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Diagnosing and managing androgen deficiency in men.

Authors
  • Sandher, Raveen Kaur
  • Aning, Jonathan
Type
Published Article
Journal
The Practitioner
Publication Date
Apr 01, 2017
Volume
261
Issue
1803
Pages
19–22
Identifiers
PMID: 29020729
Source
Medline
Language
English
License
Unknown

Abstract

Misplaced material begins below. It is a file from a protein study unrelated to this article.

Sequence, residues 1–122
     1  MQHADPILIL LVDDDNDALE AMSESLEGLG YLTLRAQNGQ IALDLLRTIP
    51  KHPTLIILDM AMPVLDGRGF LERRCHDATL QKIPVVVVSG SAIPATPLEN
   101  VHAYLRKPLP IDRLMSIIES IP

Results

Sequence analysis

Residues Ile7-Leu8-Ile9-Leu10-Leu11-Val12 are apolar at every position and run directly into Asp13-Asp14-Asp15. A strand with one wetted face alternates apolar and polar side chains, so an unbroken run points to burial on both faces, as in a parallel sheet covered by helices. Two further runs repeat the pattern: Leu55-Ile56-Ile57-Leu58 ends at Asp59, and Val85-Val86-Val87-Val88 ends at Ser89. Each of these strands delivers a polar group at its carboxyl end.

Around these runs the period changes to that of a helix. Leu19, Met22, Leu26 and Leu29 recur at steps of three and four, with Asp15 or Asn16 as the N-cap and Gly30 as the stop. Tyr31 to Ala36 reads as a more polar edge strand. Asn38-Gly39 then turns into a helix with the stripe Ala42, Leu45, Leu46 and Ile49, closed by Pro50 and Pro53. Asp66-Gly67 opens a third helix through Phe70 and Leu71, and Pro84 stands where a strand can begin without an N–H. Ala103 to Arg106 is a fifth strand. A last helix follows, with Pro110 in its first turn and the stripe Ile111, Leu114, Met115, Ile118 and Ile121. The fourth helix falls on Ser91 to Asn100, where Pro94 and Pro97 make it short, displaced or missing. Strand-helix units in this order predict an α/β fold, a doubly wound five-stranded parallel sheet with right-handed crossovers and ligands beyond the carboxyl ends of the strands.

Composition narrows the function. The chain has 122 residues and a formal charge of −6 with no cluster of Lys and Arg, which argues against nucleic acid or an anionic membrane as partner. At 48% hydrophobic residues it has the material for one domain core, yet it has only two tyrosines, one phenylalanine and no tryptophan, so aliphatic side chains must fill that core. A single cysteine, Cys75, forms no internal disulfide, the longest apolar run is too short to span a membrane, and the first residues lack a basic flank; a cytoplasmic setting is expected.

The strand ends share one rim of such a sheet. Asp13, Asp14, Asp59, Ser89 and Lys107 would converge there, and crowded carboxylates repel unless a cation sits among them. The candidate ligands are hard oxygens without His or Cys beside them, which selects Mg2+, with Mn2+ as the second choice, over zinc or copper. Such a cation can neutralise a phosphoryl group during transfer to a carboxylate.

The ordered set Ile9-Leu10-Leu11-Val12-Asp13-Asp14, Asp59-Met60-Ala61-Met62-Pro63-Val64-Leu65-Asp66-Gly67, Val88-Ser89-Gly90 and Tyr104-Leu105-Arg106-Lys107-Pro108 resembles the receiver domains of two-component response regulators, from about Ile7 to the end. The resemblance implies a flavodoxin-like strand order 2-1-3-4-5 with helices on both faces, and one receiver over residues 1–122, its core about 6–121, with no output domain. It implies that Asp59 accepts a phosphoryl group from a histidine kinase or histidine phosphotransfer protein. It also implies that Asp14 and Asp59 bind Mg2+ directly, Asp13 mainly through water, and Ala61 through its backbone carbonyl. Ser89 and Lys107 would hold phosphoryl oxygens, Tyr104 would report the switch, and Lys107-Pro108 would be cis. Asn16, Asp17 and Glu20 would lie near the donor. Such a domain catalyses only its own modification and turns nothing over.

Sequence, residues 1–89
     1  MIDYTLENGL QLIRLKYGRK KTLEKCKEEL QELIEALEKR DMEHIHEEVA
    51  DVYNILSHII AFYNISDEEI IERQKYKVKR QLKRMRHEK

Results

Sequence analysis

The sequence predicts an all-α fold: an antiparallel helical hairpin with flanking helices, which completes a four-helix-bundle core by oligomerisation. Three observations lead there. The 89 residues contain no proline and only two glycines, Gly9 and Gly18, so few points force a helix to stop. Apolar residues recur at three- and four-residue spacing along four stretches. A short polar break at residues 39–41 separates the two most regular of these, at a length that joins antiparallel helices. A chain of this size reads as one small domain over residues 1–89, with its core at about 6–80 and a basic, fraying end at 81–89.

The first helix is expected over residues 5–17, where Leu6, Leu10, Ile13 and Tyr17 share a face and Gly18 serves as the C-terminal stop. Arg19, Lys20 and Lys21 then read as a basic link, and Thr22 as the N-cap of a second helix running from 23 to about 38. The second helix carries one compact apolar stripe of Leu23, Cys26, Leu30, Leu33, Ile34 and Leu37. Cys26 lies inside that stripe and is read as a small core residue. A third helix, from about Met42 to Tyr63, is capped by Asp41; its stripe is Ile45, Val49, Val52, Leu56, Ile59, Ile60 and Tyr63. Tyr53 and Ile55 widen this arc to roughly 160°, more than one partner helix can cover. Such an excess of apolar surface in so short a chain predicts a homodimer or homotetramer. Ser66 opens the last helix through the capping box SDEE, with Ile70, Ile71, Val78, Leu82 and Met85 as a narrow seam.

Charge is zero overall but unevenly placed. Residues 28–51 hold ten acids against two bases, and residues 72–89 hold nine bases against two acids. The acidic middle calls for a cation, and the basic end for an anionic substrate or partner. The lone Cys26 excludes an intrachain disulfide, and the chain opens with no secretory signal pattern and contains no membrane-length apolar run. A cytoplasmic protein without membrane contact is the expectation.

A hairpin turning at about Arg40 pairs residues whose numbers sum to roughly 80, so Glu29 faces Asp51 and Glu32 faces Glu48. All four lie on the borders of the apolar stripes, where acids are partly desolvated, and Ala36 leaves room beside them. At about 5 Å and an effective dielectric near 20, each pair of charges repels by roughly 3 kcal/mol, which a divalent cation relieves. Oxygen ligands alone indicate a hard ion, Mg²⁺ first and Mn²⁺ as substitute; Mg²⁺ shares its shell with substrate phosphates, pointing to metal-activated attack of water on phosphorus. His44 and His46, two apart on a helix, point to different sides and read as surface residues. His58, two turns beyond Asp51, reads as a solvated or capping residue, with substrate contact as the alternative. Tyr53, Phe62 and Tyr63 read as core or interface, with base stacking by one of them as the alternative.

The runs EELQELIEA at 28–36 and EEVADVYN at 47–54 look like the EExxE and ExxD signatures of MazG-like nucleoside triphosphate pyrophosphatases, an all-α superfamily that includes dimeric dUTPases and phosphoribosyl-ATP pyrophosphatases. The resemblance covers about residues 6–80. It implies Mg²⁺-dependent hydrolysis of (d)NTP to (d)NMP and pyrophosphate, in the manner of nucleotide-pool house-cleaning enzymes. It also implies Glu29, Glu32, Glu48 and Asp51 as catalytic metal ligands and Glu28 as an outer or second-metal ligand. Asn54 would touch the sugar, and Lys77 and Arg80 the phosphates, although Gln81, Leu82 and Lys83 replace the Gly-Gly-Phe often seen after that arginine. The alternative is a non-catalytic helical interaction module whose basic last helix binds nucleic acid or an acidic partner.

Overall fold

Androgens play a crucial role in bone, muscle and fat metabolism, erythropoiesis and cognitive health. In men aged 40-79 years the incidence of biochemical deficiency and symptomatic hypogonadism is 2.1-5.7%. Decreased libido or reduced frequency and quality of erections, fatigue, irritability, infertility or a diminished feeling of wellbeing may be presenting complaints. However, a significant proportion of men with androgen deficiency will be identified when they present for unrelated concerns. Important factors to elicit from the history in addition to the presenting complaint include: a medical history of obesity, type 2 diabetes, systemic diseases or metabolic syndrome which all impact on testosterone physiology. A comprehensive medical review will identify agents which can cause low testosterone levels such as statins, steroids, opioids, dopamine antagonists and 5-alpha reductase inhibitors. Alcohol, anabolic steroids and illicit substance use such as marihuana can impact on testosterone levels and non-prescribed drug use should be routinely discussed. The mainstay of treatment in persisting androgen deficiency is to restore normal physiological levels of testosterone by using exogenous testosterone. It may take at least three to six weeks to notice any clinical improvement in symptoms. Men receiving testosterone supplementation should be followed closely and have their testosterone, haematocrit and PSA levels checked at three, six and twelve months after initiation of testosterone replacement therapy. Men should then be reviewed at least annually thereafter.

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